“Any talk of spreading awareness about HIV and safe sex are useless unless CSWs are a part of the process, that’s why we ensure that these ladies get free condoms and are convinced about its benefits. All the CSWs, that we are in touch with, use contraceptives and undergo a regular medical check up, which is a proof that the most common carrier of a deadly virus is most effective in containing it,” said a volunteer who is also a CSW. “Our drop-in centre meets the needs of over 900 CSWs, who are living in the adjoining slum colonies and villages, “added Yasmeea.


The volunteers said that most of the problems that the CSWs faced were with respect to their families, “CSWs also, like all women, need help with domestic issues. Those ladies whose families don’t know of their profession feel an added pressure.” Another volunteer added that the CSWs get exploited a lot from the Police, “The police know how the presence of CSWs, and often use their services also, but whenever they feel like, they ask for bribes or publically humiliate the females.”

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where man’s best friend is taxed

Vrinda Sharma

 CHANDIGARH: Aiming to bring down the number of stay animals and unregistered breeders, the city has ordered dog owners to not let their pets breed, not keep more than two dogs at a time and tax people if they choose to buy dogs instead of adopting a stray. The administration has also ordered the dog owners that when they walk their dogs, they must carry a big stick and a plastic bag to pick up after their dog to keep the streets clean.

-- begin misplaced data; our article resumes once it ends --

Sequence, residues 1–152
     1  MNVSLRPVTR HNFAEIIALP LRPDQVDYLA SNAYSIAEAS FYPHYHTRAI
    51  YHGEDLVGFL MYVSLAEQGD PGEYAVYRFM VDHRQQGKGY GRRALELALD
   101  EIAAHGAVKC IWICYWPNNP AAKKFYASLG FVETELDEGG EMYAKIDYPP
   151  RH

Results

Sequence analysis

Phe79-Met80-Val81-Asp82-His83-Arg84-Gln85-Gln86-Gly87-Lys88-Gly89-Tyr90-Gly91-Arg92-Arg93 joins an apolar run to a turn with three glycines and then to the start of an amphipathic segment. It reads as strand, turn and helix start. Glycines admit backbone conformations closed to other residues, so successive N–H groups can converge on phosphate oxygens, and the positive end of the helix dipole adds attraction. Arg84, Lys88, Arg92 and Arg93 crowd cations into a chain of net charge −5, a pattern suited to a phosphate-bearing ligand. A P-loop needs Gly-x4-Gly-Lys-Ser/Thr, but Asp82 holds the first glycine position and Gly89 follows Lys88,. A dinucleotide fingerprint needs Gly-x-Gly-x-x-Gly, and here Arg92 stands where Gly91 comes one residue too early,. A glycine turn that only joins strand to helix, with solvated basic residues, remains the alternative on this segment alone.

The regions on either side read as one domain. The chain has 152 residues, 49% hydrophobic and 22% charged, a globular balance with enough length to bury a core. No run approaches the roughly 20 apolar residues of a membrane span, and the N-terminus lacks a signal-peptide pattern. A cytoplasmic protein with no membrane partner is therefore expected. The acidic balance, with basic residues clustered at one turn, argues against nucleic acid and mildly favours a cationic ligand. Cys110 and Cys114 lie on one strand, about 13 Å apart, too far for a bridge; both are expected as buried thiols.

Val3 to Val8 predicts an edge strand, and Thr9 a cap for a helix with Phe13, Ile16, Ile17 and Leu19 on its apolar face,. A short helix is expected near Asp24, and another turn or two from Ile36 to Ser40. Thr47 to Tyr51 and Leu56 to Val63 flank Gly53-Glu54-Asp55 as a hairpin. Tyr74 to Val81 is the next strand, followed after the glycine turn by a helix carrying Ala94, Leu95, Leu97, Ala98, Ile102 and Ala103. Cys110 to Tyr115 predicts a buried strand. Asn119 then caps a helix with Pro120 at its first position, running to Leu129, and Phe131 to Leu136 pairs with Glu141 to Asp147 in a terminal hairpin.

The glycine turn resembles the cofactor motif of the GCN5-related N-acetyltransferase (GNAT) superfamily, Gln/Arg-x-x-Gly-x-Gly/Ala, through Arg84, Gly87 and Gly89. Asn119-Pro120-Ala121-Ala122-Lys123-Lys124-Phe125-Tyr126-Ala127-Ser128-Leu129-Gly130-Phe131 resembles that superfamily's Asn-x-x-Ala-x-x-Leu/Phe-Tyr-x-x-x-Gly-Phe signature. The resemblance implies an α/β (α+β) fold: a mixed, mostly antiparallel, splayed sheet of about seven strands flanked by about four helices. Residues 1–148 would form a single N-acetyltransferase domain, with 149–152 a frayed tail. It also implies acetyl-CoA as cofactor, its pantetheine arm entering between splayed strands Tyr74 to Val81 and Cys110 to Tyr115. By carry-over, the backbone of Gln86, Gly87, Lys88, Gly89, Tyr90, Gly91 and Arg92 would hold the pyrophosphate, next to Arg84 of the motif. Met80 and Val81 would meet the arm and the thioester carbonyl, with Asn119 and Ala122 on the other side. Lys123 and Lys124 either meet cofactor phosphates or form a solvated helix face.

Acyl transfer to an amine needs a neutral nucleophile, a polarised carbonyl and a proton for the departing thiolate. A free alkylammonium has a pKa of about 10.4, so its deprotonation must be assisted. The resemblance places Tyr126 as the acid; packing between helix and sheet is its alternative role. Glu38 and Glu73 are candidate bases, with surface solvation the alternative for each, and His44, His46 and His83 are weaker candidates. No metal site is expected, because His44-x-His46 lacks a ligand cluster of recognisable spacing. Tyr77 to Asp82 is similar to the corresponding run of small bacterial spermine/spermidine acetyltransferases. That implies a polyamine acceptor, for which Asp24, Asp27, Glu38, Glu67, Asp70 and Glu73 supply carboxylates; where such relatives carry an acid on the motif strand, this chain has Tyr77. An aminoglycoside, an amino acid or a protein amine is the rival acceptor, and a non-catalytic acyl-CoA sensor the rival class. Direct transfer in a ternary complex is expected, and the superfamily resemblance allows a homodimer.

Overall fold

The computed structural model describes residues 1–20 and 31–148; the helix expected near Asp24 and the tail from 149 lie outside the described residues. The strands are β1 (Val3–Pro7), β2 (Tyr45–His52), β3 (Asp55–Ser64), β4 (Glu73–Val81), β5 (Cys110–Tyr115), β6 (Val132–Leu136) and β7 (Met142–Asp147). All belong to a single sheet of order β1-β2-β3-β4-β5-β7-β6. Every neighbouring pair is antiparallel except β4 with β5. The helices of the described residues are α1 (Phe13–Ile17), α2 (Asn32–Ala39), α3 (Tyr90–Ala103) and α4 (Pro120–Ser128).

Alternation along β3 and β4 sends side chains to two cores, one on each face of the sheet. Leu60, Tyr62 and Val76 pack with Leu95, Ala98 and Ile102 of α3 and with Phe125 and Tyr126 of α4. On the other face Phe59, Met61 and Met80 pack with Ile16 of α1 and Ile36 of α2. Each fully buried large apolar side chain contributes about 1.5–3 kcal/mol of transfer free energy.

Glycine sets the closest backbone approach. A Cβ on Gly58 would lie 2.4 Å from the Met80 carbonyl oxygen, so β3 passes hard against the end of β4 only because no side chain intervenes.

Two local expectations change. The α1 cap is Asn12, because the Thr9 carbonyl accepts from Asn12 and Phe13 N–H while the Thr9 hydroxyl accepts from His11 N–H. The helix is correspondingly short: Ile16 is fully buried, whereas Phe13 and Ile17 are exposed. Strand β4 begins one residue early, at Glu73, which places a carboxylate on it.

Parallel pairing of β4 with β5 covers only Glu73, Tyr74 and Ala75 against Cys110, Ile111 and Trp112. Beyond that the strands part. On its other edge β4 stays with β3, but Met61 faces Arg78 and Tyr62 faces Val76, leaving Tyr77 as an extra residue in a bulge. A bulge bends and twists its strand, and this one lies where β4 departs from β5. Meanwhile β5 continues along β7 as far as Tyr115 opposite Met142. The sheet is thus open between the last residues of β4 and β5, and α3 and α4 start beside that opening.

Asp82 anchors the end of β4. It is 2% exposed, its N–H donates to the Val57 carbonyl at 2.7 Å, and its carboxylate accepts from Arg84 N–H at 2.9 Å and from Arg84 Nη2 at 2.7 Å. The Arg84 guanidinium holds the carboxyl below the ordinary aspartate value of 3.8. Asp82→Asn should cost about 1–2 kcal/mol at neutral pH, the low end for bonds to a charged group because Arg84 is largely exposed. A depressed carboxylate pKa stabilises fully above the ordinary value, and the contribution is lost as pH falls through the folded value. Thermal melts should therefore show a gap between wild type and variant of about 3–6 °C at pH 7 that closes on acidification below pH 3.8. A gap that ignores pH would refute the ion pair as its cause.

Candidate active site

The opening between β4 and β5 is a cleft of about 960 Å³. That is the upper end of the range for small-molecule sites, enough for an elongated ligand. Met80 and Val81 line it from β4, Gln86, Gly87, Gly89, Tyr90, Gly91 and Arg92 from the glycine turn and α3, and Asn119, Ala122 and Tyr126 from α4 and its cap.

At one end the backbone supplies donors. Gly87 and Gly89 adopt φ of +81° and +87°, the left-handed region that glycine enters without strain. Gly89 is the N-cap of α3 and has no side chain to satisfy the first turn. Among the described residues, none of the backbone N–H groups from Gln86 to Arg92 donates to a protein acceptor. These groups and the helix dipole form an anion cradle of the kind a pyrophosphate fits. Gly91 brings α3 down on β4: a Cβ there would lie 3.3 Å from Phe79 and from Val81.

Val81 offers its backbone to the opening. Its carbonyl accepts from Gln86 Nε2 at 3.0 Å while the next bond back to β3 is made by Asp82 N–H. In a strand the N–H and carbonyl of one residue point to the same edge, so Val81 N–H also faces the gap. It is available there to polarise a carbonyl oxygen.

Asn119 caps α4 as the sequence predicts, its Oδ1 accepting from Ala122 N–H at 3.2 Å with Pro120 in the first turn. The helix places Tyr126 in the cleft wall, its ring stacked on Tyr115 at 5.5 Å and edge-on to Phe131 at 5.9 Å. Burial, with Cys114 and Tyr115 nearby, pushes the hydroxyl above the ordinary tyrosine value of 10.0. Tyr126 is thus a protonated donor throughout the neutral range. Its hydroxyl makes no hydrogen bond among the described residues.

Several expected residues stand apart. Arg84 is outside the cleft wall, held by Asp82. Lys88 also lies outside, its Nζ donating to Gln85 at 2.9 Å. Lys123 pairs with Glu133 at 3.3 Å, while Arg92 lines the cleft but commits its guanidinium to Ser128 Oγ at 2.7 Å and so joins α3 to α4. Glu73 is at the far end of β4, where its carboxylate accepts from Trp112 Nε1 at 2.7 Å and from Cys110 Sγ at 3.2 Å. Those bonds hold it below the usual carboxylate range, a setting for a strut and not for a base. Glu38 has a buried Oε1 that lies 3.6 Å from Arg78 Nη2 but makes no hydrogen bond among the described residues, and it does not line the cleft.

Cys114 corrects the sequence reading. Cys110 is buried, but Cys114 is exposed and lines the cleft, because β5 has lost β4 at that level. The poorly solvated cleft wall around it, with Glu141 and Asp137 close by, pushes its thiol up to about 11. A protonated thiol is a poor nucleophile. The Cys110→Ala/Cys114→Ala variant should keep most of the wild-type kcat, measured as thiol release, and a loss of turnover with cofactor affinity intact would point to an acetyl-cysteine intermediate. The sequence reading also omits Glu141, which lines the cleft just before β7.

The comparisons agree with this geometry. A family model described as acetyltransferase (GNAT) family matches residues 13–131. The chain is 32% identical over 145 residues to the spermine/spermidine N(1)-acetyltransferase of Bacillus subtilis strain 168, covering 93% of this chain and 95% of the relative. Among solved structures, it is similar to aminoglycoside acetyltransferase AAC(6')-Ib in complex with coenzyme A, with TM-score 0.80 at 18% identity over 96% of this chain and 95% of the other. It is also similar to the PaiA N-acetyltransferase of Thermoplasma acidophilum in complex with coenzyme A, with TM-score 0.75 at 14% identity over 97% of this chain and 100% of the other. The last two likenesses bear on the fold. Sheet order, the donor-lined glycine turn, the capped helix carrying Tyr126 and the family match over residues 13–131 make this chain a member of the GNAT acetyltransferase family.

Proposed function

While People for the Ethical Treatment of Animals (PETA) were elated on the new dog taxes and made a ‘dog’ mascot present a bouquet of flowers and a giant heart to the Chandigarh Corporation’s medical officer of health, G Diwan, on Thrusday, many residents are pet owners up in arms.

Dog breeding has become a huge commercial activity in the rural areas around Chandigarh and Amritsar in the last couple of years as a whole new market of quality pups has come up in these cities. According to the Animal Husbandry Department, Chandigarh, the number of domestic dogs in the state has gone up in the recent years, “This year we have registered over 8,100 dogs, which is a huge leap from previous years,” said the Statistics In charge of the Department. 


Dr. G Chabbra, an animal lover said that, “While we all want the city to be clean and more stray animals to be adopted, this is an infringement on the right of dogs to fulfil their biological needs.”


The administration has also asked residents not to buy and sell pets from each other. In case people have more than two pets, they’ll have to pay Rs 1,000 extra per year as ‘dog tax’’. Justifying the administration’s stand PETA India campaign coordinator Madhuri Deshmukh, said that, “Breeders, pet stores, and people who don’t spay and neuter their animals are to blame for animals ending up homeless in the first place. Every time someone buys a dog or cat from a breeder or pet store, a homeless animal roaming the streets or waiting in a shelter loses a chance at a home—and a chance at a good life. Hence, it is important to encourage people to adopt homeless animals from streets and animal shelters and deter them from buying animals from breeders and pet stores.”